Why have annuities made a comeback for UK retirees?
Annuities may have gone under the radar somewhat for much of the past decade or so, but all that has changed in recent months. A surge in sales has put annuities firmly back in the headlines, with thousands more retirees choosing an annuity for retirement income.
According to the Association of British Insurers 16,256 annuities were bought by UK consumers in the first three months of 2023. That’s 22% up on the same period last year.
The driver for the new interest in annuities is higher annuity rates. Higher rates mean more income for people who ‘annuitize’. That’s to say, those people who use their pension scheme savings to purchase an annuity.
An annuity lets anyone aged 55+ turn their private pension savings or some types of company pension into a regular income. An annuity provider agrees to pay guaranteed income unaffected by interest rate changes or market fluctuations, in return for the money the consumer has saved into their pension. Annuities can be taken for life or a fixed term.
UK annuity rates rose dramatically in 2022, so much so that Actuarial Post was reporting a 14-year high by October. In fact, they titled their review of annuity rate changes ‘Wow what a year for annuities’.
That’s pretty strong language from naturally conservative actuaries, so was their enthusiasm justified? In terms of both annuity sales and performance for consumers, the answer is a resounding ‘yes’.
An example quoted by the Actuarial Post was from Canada Life, one of the UK’s leading annuity providers. They reported an example of an annuity on a £100,000 initial purchase price for a 30-year guaranteed period. Their example would pay £59,940 additional income compared to rates at the beginning of 2022.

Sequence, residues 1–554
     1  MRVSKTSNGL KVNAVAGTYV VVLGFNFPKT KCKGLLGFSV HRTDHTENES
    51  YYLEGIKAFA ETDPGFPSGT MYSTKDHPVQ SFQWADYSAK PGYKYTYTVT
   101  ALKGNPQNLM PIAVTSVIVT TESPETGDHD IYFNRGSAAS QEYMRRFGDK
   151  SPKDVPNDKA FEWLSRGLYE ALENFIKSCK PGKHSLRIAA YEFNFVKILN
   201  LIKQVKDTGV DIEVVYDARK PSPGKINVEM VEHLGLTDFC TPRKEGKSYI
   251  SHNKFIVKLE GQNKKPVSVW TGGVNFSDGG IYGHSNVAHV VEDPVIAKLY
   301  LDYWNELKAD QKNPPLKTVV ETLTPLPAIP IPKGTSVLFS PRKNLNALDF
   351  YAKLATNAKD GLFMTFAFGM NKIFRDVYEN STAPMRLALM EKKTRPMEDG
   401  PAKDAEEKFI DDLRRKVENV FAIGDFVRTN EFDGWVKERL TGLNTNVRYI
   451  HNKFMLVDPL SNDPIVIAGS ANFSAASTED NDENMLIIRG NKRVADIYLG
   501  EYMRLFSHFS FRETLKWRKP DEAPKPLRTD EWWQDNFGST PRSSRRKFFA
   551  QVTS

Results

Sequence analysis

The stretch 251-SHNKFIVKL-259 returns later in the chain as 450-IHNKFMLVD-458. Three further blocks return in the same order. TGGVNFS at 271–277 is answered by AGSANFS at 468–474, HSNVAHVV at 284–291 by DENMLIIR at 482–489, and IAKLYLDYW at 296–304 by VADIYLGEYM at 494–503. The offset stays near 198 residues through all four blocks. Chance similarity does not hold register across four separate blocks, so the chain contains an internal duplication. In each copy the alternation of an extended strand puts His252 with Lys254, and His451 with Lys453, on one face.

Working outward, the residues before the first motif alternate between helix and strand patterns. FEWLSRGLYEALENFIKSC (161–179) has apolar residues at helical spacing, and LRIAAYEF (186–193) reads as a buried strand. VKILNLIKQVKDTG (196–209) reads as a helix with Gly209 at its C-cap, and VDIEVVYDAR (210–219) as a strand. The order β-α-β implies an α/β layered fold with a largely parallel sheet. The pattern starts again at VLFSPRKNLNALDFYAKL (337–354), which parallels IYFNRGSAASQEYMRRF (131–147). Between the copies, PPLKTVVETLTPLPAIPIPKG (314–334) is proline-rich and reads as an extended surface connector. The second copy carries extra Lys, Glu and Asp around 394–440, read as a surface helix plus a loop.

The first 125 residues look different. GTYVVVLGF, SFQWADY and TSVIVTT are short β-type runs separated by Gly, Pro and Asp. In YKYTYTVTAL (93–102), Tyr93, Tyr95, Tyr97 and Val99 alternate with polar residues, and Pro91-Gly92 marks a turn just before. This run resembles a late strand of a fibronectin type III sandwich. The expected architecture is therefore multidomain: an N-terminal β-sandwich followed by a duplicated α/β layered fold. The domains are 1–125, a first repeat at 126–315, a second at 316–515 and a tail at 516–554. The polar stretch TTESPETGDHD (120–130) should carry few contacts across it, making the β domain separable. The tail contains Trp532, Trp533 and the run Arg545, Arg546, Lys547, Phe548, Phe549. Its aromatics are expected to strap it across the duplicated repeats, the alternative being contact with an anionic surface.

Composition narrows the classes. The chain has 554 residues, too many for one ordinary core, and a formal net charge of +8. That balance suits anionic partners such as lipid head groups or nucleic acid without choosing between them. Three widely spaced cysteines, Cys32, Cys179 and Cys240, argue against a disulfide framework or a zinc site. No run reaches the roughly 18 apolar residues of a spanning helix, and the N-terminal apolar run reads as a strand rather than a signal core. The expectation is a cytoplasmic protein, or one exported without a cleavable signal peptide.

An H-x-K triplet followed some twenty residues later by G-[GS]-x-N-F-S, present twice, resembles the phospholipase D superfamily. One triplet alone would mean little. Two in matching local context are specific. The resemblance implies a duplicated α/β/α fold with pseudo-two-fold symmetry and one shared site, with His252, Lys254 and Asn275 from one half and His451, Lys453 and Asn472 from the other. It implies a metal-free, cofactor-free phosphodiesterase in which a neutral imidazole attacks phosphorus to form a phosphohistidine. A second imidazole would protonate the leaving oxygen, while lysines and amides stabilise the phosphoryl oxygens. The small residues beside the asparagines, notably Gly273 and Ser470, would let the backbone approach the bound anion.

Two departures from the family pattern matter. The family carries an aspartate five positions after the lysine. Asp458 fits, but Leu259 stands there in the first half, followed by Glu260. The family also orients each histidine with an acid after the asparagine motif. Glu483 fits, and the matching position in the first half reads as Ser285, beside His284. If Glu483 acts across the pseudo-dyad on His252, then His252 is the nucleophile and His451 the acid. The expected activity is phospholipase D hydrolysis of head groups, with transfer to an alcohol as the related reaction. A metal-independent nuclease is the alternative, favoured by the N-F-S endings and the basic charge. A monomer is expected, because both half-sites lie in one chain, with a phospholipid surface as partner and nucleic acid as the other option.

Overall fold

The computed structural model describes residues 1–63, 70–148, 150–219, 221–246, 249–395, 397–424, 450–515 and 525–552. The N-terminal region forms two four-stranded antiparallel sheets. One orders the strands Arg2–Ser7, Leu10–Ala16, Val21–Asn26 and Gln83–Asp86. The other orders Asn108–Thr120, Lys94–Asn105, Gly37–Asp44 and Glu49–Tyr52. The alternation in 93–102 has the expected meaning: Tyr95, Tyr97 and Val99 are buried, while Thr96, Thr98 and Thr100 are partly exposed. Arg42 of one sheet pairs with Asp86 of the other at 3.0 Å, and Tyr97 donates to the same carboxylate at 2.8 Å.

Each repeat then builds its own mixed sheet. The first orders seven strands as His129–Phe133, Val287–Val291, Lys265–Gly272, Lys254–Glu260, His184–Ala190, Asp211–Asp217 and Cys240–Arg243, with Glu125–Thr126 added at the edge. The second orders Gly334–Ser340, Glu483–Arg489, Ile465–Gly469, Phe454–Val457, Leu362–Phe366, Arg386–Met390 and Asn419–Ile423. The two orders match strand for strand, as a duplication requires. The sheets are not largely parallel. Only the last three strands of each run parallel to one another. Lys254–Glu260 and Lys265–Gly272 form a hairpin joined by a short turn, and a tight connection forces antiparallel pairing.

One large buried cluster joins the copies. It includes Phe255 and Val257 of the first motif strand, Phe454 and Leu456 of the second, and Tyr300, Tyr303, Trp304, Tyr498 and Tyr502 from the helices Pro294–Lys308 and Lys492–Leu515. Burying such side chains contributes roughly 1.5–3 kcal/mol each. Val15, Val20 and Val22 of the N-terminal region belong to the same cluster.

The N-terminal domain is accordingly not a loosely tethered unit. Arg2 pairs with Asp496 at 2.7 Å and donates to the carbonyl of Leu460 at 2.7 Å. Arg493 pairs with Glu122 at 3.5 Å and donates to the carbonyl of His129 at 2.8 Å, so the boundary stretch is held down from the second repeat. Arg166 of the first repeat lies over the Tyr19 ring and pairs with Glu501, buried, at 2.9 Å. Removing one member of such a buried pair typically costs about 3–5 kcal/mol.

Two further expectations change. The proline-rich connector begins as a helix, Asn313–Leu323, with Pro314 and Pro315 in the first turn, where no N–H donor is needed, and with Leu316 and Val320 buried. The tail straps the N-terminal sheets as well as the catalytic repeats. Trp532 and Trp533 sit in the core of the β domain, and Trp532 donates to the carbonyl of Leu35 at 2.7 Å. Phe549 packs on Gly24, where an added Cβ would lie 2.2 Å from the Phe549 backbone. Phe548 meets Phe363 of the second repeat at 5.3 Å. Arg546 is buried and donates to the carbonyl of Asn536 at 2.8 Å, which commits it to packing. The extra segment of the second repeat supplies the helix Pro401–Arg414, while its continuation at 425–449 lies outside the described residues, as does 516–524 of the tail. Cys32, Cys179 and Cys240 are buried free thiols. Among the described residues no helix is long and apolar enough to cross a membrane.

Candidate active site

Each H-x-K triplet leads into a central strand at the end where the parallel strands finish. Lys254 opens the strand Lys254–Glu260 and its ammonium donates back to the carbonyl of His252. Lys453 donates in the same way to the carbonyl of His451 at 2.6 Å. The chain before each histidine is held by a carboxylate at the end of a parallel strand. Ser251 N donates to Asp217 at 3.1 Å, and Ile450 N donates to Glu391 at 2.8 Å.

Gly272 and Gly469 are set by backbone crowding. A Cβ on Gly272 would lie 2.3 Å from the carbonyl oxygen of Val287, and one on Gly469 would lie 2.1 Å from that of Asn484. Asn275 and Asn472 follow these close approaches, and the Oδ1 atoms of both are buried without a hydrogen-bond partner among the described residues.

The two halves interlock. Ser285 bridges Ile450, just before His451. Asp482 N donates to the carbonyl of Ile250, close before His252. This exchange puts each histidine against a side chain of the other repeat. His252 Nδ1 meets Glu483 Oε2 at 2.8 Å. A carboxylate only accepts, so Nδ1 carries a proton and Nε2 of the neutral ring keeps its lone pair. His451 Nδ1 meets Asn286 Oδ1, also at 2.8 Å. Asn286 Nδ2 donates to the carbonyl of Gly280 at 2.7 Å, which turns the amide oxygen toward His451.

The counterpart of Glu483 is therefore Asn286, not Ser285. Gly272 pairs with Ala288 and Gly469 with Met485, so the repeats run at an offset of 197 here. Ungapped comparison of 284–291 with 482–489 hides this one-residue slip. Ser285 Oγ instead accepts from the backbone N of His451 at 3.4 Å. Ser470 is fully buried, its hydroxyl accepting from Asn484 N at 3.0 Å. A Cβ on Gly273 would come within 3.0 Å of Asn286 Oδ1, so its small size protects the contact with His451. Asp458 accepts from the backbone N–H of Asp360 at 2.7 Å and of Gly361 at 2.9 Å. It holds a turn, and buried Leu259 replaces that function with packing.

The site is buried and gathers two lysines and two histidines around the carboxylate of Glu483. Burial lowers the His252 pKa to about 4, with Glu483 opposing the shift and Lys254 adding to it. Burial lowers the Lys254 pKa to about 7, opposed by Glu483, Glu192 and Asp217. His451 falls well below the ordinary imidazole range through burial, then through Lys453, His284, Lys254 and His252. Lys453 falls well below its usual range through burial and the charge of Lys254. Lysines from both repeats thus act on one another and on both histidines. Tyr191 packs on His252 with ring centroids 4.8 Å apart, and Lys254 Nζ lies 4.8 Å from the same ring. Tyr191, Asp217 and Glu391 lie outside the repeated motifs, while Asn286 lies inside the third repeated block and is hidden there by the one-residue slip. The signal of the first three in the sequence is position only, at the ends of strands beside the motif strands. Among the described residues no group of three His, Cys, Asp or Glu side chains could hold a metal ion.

One might be hard-pressed to think of another way that someone with £100k in savings can generate almost £60k additional guaranteed income from those savings. It’s perhaps no surprise that increasing numbers of people are looking into the option of an annuity for all or some of their non-State retirement income.
Annuity rates tend to fluctuate daily, but rates have remain consistently high compared to pre-2022 levels. In June of this year for example, The Telegraph reported that: “A 65-year-old with £100,000 can currently buy an annuity paying £7,300 a year, the highest level since last year’s mini-Budget [of September 2022].”
The increase in the annuity rate has been fuelled by increases in gilt yields, which are linked to the Bank of England’s Base Rate. With no sign of the Base Rate falling, and the possibility of further rate rises in 2023, we could see annuity rates follow suit.
Indeed, according to This is Money, Mark Ormston of leading annuity broker Retirement Line says it is “not inconceivable that annuity rates will jump to 10 per cent if, as widely predicted, the Bank of England base rate rises to 5.5 per cent in the coming months”.